Peter Dutton
Peter Dutton's claim about the PM's prior silence on the voice doesn't match the evidence. Image by Lukas Coch/AAP PHOTOS

Dutton wrong about Albanese’s record on the voice

Kate Atkinson October 13, 2023

Anthony Albanese never mentioned the Indigenous voice before the last election.


False. Anthony Albanese mentioned the voice numerous times before the 2022 election.

Opposition Leader Peter Dutton has claimed Anthony Albanese never mentioned the Aboriginal and Torres Strait Islander Voice before the 2022 federal election.

This is false. The prime minister mentioned the voice to parliament multiple times in parliament, public speeches, media releases and opinion pieces.

Mr Dutton, who is a prominent “no” campaigner for the upcoming referendum, made the claim during a radio interview with 2GB Sydney on October 12, 2023.

Peter Dutton
 Peter Dutton made the claim during a radio interview. 

“The prime minister’s been obsessed with the voice from the day he was elected, never mentioned it before the last election I might say, and now the first 15 months of his prime ministership have been lost to his obsession on the voice…” Mr Dutton said while speaking about the cost of living crisis (audio mark 22mins 30secs). 

AAP FactCheck contacted Mr Dutton’s office to ask for evidence supporting the claim but did not receive a response. 

The last federal election was held on May 21, 2022. The official campaign started on April 10.

Mr Albanese mentioned the voice to parliament on numerous occasions before these dates.

An early example is his speech to the House of Representatives on February 5, 2018, when he was the opposition infrastructure, transport, cities and regional development spokesman.

“The Uluru Statement from the Heart has advanced a constructive proposal for a voice for First Nations after extensive engagement. Indeed this is not a proposal for a third chamber,” he told the house.

Anthony Albanese
 Anthony Albanese spoke about the voice in parliament four years before the 2022 election. 

Seven days earlier, on January 29, 2018, Mr Albanese proposed that two referendums could be held on January 26 on Indigenous constitutional recognition and on Australia becoming a republic.

He again spoke in support of an Indigenous voice in parliament on December 5, 2018, in response to the release of the Joint Select Committee report on Constitutional Recognition Relating to Aboriginal and Torres Strait Islander Peoples.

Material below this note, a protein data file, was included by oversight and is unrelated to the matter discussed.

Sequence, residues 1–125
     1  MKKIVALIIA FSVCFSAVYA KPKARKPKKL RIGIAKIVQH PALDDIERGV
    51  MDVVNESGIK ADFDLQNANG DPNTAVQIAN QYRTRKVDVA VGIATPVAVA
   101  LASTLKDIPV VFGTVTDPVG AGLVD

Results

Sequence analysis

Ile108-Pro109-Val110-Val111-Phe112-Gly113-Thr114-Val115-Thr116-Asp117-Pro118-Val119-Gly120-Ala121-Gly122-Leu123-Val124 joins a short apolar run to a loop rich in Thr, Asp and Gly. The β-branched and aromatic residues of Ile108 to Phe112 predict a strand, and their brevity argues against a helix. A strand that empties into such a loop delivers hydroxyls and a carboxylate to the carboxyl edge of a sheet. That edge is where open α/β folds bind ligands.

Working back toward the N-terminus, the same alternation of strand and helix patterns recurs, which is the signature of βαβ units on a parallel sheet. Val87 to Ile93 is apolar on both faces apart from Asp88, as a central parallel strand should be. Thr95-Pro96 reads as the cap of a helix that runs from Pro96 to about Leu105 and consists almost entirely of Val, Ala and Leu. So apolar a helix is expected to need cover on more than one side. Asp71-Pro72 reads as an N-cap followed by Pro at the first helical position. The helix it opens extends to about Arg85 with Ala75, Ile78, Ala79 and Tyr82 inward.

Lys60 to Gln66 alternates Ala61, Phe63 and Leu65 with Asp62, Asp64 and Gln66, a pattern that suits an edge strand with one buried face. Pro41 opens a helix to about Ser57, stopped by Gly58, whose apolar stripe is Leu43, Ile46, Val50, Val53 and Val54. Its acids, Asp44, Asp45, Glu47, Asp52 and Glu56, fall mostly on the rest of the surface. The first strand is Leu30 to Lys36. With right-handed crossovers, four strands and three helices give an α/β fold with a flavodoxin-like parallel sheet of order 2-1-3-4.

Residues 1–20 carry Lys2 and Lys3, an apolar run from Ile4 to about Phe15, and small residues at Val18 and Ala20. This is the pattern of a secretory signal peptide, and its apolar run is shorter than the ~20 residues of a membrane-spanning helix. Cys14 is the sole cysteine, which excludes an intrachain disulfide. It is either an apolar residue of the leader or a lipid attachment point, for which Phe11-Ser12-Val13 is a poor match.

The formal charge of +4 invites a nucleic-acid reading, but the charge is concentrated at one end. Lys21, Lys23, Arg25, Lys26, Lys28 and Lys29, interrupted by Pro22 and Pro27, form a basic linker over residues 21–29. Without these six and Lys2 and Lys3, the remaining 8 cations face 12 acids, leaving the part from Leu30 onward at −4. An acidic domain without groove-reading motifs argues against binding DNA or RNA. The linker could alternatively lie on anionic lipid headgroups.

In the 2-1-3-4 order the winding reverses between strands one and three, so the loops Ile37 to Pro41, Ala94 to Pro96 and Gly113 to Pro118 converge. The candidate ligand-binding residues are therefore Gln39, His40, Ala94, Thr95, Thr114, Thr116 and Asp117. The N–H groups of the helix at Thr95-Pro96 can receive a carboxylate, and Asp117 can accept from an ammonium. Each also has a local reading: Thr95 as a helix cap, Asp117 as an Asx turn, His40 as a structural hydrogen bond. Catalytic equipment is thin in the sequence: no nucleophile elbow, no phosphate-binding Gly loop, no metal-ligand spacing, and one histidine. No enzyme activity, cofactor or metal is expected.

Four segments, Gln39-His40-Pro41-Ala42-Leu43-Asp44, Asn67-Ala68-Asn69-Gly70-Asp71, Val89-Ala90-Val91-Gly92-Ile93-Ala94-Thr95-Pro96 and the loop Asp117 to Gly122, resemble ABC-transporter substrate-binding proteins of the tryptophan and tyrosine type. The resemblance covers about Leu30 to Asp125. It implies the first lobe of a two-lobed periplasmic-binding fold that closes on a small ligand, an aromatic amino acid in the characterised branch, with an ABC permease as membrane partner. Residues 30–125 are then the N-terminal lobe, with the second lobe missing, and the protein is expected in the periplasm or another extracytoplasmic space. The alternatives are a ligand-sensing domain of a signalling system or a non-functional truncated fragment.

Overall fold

“The connection that First Nations people have with the land and with water is something that we can learn a great deal from, so Labor very much accepts the Statement from the Heart. We support a voice to parliament and we support constitutional change,” Mr Albanese told the house.

He also mentioned the voice when he was opposition leader in a speech at the 2019 Garma Festival and in his statements about Closing the Gap in 2020 and 2021.

Mr Albanese spoke about the voice in his speech on the 13th anniversary of the National Apology, in a January 2022 National Press Club address and in his budget reply speech on March 31, 2022. 

Anthony Albanese
 The prime minister also backed the Indigenous voice at Labor’s election campaign launch in 2022. 

Other examples of him mentioning the voice before the 2022 election can be seen here, here, here, here, here, here, here and here.

The voice was also mentioned in speeches and policy documents in Labor’s campaign ahead of the election here, here and here.

“I am proud to promise our Labor government will work with First Nations people to implement the Uluru Statement from the Heart in full… We will deliver a constitutionally enshrined voice to our parliament,” he said at Labor’s campaign launch in Western Australia.

The Verdict

The claim that Prime Minister Anthony Albanese never mentioned the Indigenous voice to parliament before the last election is false.

Mr Albanese mentioned the voice and Labor’s commitment to implementing the Uluru Statement from the Heart, including the voice, at least 16 times before the 2022 election campaign began.

False – The claim is inaccurate.

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